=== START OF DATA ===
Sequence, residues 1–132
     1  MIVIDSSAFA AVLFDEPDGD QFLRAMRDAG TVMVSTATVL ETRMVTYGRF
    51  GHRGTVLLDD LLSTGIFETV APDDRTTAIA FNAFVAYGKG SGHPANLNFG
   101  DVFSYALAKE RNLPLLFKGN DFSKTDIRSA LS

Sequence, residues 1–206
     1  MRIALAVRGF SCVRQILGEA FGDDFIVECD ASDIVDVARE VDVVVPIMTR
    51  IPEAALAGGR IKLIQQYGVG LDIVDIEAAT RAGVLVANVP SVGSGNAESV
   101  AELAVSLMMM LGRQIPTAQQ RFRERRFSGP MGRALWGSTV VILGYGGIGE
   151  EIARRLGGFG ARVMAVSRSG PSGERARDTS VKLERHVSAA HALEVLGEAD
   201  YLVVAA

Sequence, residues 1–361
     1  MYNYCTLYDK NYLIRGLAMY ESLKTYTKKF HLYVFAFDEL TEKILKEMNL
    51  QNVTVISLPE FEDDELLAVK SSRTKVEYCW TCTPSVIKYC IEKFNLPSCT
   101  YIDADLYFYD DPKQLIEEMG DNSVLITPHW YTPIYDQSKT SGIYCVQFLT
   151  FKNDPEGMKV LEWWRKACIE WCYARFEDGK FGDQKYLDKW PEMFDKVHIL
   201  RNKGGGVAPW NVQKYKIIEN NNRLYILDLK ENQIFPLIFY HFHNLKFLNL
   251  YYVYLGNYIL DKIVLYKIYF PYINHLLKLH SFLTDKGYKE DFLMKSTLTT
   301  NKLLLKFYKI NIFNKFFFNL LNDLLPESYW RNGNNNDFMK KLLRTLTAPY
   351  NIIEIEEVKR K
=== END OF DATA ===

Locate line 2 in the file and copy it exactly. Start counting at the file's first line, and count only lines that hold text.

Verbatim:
     1  MIVIDSSAFA AVLFDEPDGD QFLRAMRDAG TVMVSTATVL ETRMVTYGRF